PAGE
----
Charlie Daniels Band

At this point in his life, Charlie Daniels doesn’t need to tour. Who would blame the 76-year-old musician if he decided to put his feet up at his Twin Pines Ranch outside of Nashville, where he could look at his Grammy Award and gold and platinum albums and maybe go into town for the occasional appearance at the Grand Ol’ Opry, where he became a full-fledged member in 2008?

Instead, Daniels and his band spend more time on the road than many performers half his age. And he wouldn’t have it any other way.

“I love what I do,” Daniels said from a tour stop in Myrtle Beach, S.C. “I’m addicted to entertaining people. I love recording, I love writing, all those things, playing live music and getting on stage.

“I have no desire to stay in one place. Being on the road is as natural to me as getting up and driving to a job in the morning is for someone else.”

The road brings Daniels to Hartford Wednesday for a concert at Sharon Speedway.

One of his only concessions to age is to make the stage as comfortable as possible, especially for those outdoor shows in the middle of August.

“Last year we played a date in Omaha where it was 112 on the pavement,” Daniels said. “Very obviously, I could not do that. I told the road manager we need to make some kind of arrangements to make the stage cooler.”

Daniels said he now has a small air conditioning unit, which just looks like another amplifier up on the stage, that can produce just enough cool air to make summer heat and stage lighting a little more bearable.

In addition to touring, Daniels continues to make new music. His latest release is “Hits of the South,” which includes new recording of some of his signature songs and Daniels’ rendition of other southern rock staples, like Lynyrd Skynyrd’s “Freebird” (yes, there’s a fiddle solo along with all the guitar solos), The Outlaws’ “Can’t You See,” The Allman Brothers’ “In Memory of Elizabeth Reed” and The Band’s “The Night They Drove Old Dixie Down.” The Band cover, originally released on his 2007 duet’s album “Deuces,” has Daniels singing with Vince Gill and opens with a fife-and-drum style percussion riff that gives the Civil War-set tale a military feel.

“That was kind of fun,” Daniels said. “Vince does it in a higher register. It was right at the top of my range.”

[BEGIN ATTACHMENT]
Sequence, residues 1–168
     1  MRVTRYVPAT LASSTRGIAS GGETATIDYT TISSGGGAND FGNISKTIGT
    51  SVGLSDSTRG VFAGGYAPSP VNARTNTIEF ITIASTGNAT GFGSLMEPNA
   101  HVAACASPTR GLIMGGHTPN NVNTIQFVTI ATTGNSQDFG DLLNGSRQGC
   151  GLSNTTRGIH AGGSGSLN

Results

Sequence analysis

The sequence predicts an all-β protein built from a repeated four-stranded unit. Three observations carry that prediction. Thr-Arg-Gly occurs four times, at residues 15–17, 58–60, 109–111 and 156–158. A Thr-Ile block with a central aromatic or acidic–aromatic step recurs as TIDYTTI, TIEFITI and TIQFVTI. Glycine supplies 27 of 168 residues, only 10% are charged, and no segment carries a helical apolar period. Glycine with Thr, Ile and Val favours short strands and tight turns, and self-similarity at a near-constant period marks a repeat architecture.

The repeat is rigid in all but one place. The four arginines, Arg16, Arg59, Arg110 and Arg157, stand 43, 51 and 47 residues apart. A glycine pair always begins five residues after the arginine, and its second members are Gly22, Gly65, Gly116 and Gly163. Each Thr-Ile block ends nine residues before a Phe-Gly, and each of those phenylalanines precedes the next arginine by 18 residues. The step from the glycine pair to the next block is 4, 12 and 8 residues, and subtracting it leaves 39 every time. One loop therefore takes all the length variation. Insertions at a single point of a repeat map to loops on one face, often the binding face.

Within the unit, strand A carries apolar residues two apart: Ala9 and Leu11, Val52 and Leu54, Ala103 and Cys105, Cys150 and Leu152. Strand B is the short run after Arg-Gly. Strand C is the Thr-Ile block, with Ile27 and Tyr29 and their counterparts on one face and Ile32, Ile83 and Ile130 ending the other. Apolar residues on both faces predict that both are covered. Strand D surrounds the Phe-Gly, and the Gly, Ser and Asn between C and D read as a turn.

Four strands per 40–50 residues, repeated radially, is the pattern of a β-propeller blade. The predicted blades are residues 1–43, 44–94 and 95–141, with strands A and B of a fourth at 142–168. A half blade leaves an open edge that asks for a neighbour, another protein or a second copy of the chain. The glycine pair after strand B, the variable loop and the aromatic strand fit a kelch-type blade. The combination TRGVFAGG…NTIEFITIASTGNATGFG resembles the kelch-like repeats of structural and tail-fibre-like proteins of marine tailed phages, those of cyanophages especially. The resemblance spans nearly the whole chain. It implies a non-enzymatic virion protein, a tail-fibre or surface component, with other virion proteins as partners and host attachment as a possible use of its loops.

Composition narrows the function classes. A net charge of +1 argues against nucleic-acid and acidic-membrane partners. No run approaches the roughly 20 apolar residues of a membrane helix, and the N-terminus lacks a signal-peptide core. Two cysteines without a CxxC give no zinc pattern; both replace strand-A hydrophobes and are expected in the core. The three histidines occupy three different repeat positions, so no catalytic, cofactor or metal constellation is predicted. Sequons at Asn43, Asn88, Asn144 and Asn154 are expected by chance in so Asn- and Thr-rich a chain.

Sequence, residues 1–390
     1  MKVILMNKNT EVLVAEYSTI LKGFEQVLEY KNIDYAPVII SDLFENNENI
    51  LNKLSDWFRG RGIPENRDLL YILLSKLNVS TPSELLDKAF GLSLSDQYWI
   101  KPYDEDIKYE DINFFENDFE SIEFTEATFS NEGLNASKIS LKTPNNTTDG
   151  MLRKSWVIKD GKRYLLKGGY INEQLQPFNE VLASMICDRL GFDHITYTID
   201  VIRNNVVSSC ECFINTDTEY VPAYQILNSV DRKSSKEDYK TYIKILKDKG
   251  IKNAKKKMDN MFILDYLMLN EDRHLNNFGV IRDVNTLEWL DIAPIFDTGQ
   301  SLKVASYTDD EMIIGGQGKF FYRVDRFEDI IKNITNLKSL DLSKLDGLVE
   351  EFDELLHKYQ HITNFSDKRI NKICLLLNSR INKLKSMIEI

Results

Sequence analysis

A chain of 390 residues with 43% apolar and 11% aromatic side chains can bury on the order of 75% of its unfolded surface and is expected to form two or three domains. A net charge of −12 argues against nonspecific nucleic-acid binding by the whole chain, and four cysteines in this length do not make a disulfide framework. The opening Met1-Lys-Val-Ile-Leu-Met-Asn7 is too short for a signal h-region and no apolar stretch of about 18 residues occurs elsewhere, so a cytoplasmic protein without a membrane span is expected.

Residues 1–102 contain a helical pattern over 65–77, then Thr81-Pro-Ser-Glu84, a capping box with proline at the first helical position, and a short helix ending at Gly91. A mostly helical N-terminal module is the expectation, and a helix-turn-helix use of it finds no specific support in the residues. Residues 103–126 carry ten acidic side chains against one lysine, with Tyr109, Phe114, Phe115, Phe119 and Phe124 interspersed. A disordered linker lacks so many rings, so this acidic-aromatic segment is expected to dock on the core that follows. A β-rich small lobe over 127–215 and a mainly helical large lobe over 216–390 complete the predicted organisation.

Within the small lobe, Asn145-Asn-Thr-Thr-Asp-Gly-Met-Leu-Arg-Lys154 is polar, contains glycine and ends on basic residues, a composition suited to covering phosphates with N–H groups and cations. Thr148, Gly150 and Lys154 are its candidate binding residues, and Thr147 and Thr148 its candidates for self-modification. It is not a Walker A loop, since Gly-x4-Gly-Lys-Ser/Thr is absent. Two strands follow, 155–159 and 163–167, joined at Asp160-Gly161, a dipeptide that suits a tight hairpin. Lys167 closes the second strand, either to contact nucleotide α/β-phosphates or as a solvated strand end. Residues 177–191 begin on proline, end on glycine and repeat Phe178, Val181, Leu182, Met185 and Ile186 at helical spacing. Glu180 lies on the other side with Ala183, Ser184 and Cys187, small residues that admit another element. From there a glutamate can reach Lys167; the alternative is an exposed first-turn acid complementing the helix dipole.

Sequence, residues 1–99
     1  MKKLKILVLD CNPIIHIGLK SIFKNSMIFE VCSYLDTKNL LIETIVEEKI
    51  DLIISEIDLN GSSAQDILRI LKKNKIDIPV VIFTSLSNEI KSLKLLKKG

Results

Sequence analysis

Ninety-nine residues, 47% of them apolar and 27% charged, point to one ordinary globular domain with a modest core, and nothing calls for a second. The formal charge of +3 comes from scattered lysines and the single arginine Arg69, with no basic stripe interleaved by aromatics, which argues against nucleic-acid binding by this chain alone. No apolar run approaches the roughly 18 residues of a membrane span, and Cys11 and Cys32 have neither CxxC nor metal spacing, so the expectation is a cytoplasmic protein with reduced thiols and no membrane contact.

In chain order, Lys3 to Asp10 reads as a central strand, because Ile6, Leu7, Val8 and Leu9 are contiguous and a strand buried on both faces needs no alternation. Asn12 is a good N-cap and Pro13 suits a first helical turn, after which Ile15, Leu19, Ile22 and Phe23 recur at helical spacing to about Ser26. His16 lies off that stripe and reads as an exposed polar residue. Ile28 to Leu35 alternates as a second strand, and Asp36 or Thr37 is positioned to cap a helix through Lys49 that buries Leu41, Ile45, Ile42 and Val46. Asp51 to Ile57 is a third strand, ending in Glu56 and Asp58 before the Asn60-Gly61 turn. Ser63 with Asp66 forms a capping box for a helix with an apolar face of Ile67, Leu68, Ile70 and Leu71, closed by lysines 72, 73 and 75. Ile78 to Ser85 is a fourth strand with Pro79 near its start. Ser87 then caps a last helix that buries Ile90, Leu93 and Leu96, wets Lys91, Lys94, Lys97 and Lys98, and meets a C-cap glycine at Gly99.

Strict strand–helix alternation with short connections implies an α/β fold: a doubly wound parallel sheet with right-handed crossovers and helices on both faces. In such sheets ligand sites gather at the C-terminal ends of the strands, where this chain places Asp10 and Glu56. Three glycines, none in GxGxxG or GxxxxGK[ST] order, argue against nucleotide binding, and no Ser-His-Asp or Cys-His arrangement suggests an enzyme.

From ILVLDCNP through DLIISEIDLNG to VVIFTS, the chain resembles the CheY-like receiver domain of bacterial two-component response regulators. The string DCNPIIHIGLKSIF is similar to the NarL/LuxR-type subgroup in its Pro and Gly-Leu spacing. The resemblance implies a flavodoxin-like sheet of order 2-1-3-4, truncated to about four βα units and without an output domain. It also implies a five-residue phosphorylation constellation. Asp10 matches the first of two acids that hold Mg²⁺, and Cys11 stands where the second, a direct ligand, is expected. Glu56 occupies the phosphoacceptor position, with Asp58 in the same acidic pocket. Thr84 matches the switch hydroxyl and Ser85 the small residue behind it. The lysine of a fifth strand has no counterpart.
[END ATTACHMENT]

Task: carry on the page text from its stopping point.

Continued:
After releasing most of his music in recent years through his own Blue Hat Records, “Hits of the South” is being distributed through RED Distribution, a subsidiary of Sony Music. Daniels said has the same control over his music, but the partnership will make it easier to do more with his past catalogue since many of his best-selling albums were released by Epic Records, another Sony company.

Despite having a new record to promote, Daniels said he probably won’t be playing many songs from “Hits of the South” at Sharon Speedway.

“I feel like it’s incumbent for people to play the songs people associate with you,” Daniels said.

And in more than 40 years touring as the Charlie Daniels Band (and about 55 years in the music business), he has plenty of those.

Daniels first found success on rock radio and the pop charts with ’70s songs like “Uneasy Rider,” “The South’s Gonna Do It” and “Long-Haired Country Boy.”

“The Devil Went Down to Georgia” in 1979 made him a household name, as the tale of a fiddle duel with Satan topped the country charts, peaked at No. 3 on the pop charts and won Daniels a Grammy Award for Best Country Performance by a Duo or Group.

Country radio was more likely to play his singles after that, but he continued to straddle radio formats with such hits as “In America,” “Still in Saigon” and “The Legend of Woolly Swamp” while country fans embraced “American Farmer,” “America, I Believe in You” “This Ain’t No Rag, It’s a Flag” and other patriotic anthems.

“Once you get through the list of what you need to play, you don’t have many spots left,” Daniels said. “You gotta play what the people want to hear.”

Daniels plans to keep making new music, though, even as sales have dwindled for all artists and veterans have found its easier to resell the old hits than it is to get many of those old fans to sample new songs.

“If there’s music I’ve written, there’s no sense to keep it to myself. I want to record it and people can download it or buy it on a disc, whatever they want.”

Clearly, Daniels likes to be heard, and not just musically. He’s a vocal supporter of U.S. troops, and he makes lengthy blog posts on his website ( where he weighs in two or three times a week on President Obama (not a fan), U.S. deaths in Benghazi, big government and occasionally lighter topics, like NASCAR or his exercise routine (Click on “soap box”).

Daniels isn’t interested in resting on his laurels. When asked if he had any goals left that he hadn’t achieved yet, Daniels said he has the same professional aspirations he’s always had.

“Every show sold out, every album platinum,” Daniels said. “That’s would be the great thing. It’s not going to happen, but it’s something to shoot for.”